New York, NY – Commissioner Dermot Shea announced last week, that the NYPD will be participating in a series of community forums with local organizations, along with both the Mayor’s Office and Governor’s Office, in an effort to transform policing going forward in New York City.
This comes on the heels of protests throughout the Empire State and across the country to defund the police following the shooting deaths of Breonna Taylor, George Floyd and other people of color at the hands of cops.
But Patrick Lynch, head of the city’s Police Benevolent Association [PBA], considers what is being called the “Police Reform and Reinvention Collaborative, a waste of time.
“Leave it to [Mayor] de Blasio and [Governor] Cuomo to invent another complicated solution to an obvious, urgent problem,” Lynch said in a statement to LaborPress. “Police officers are hearing from New Yorkers every day on the street: they are concerned about rising violence and disorder, and they want us to be able to do our job effectively.”
Shea, however, doesn’t see the efforts of the NYPD to further building relations with the community or community leaders as pointless — but, rather, necessary for the department.
“With a sustained focus over the last nearly seven years, NYPD leaders have worked to reinforce our basic mission of keeping people safe while building trust with the New Yorkers we serve,” Shea said. “In law enforcement, if you aren’t striving to improve, then you shouldn’t be in this line of work. This new effort, with these critical partners, is vital to making the Police Department stronger, fairer and more transparent.”
De Blasio shares Shea’s sentiments on improving police and community relationships.
“The NYPD is fundamentally different than it was nearly seven years ago,” said de Blasio. “By working with New Yorkers we have strengthened the bond between community and police for good. But we know there is always more work to do to repair trust and address historical inequities. I am proud to work with Commissioner Shea and our partners to make sure every New Yorker on every block feels the safety they deserve.”
The first three citywide meetings were held in Staten Island on Oct. 14 and northern Queens on Oct. 16. Another meeting was held on Oct. 19 in southern Queens. More meetings will be held on Oct. 21 in the Bronx, Oct. 23 in northern Brooklyn, Oct. 26 in southern Brooklyn, Oct. 28 in northern Manhattan and Oct. 30 in southern Manhattan. The meetings will be held from 7 p.m. to 9 p.m.
According to Lynch, the community forums are useless because he insists community engagement can happen with police while they are on the beat.
“Rather than wasting time with more press conferences and meetings, come out to the street and try listening to the cops and community members who are already working together every single day,” said Lynch.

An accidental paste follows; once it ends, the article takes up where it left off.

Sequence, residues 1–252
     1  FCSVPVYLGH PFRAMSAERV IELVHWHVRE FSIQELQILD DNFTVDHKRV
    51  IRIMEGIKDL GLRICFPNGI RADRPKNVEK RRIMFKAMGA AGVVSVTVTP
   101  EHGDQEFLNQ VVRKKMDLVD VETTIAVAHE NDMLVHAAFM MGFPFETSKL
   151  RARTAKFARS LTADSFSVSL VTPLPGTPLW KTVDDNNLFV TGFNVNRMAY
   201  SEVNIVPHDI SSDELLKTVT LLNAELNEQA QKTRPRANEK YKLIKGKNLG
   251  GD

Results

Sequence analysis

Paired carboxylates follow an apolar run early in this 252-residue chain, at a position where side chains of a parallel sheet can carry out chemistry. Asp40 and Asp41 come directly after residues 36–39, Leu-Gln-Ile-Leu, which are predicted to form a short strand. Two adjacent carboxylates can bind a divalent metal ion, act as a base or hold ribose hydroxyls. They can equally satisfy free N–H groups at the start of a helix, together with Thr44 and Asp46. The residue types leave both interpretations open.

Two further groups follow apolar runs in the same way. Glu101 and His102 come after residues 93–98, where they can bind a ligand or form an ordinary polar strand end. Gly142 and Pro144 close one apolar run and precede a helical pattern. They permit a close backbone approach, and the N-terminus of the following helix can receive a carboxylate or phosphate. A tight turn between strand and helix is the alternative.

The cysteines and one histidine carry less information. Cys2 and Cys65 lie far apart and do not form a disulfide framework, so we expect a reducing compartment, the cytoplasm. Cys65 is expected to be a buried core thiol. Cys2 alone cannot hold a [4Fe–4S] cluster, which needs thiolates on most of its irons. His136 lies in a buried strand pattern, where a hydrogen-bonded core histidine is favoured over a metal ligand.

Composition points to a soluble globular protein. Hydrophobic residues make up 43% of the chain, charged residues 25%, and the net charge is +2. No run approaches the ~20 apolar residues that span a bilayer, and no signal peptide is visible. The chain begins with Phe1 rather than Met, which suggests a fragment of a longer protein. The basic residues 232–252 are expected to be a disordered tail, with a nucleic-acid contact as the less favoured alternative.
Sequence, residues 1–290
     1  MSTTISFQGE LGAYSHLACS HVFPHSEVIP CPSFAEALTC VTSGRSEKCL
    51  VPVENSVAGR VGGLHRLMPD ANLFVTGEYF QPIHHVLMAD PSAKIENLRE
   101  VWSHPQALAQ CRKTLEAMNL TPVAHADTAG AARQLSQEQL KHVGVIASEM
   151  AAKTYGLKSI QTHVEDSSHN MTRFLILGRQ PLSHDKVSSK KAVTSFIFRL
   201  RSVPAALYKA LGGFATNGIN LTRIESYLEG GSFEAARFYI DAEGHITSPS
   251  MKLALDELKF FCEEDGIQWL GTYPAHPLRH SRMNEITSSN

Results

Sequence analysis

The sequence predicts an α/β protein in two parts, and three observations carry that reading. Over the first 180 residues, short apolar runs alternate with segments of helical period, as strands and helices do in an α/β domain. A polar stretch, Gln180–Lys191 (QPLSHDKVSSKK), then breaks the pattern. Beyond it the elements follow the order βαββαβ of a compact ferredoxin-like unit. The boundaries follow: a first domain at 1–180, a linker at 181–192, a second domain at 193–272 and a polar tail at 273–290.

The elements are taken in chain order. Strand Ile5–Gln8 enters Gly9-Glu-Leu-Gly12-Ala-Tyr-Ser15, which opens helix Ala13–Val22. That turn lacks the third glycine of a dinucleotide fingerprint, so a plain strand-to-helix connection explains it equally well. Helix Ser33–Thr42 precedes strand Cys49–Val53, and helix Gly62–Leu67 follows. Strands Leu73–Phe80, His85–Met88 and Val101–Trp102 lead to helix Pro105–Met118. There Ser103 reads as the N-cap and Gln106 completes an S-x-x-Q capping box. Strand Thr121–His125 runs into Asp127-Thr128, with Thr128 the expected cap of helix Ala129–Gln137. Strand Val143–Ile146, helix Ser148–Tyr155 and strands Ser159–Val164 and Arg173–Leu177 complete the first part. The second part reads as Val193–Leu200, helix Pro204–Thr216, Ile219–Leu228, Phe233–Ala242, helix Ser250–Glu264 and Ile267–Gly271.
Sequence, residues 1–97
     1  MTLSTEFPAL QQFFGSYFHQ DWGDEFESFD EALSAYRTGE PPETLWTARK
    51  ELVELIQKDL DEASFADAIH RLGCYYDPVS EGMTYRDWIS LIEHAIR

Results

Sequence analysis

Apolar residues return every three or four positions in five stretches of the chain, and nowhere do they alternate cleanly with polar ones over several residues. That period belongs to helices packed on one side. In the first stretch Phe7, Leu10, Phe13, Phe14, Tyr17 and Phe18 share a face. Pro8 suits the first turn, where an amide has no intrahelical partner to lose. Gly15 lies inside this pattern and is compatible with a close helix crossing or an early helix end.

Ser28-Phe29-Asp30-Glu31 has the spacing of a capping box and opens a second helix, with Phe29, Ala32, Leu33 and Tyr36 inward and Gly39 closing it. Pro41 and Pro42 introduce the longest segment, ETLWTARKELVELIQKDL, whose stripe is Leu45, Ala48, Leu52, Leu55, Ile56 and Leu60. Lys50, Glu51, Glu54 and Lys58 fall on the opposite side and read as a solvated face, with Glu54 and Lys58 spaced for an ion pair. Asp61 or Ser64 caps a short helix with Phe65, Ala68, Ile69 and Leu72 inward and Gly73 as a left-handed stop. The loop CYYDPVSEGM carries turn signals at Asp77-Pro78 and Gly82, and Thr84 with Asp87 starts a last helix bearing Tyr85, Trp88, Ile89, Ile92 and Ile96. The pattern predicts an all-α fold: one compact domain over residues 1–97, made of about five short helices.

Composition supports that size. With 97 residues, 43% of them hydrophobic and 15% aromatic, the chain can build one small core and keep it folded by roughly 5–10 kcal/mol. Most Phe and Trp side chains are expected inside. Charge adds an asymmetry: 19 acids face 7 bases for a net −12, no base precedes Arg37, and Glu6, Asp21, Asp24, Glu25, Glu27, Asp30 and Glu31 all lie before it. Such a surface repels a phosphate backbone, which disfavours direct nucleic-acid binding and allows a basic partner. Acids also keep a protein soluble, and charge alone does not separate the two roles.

However, the leaders of the anti-poverty organizations that are working with the city and the NYPD see the forums as a way to work with the public.
President and CEO Arva Rice of the New York Urban League, an organization whose mission is to enable Black and other underserved communities to secure a first-class education, economic self-reliance and equal respect of their civil rights, is one of the community partners in the forums.
“This year our city and our nation faced a health, economic and a criminal justice crisis paving the way for reflection and reform,” Rice said. “We have a moral imperative to work to make sure that community voices are heard and New Yorkers feel safe and respected no matter the neighborhood that they reside. The Statewide and mandated ‘Police Reform and Reinvention Collaborative’ is a welcome opportunity to engage in this process learning from New Yorkers as well as experiences and practices around the country.”
The purpose of the collaborative is to heal rifts between the police and the people it is meant to serve, as well as forging a transparent path forward that includes engaging, listening and responding to questions and concerns on policing policy.
“Every New Yorker should feel confident that they can move about New York City with the assurance that our police officers are concerned with protecting them, and with treating them fairly should they find themselves interacting with the NYPD for whatever reason,” said CEO & Executive Director Jennifer Jones Austin of the Federation of Protestant Welfare Agencies, an anti-poverty, policy and advocacy organization with more than 150 members and partners.
CEO Wes Moore of Robin Hood, one of the largest anti-poverty forces in the nation, agreed.
“Despite past police reform efforts, the people of New York City – and particularly our communities of color – have continued to express frustration about being over-policed and the need for further reform,” said Moore. “The statewide and mandated ‘Reform and Reinvention Collaborative‘ is a vital process to bridge the gap in trust between too many of our New Yorkers and the NYPD.”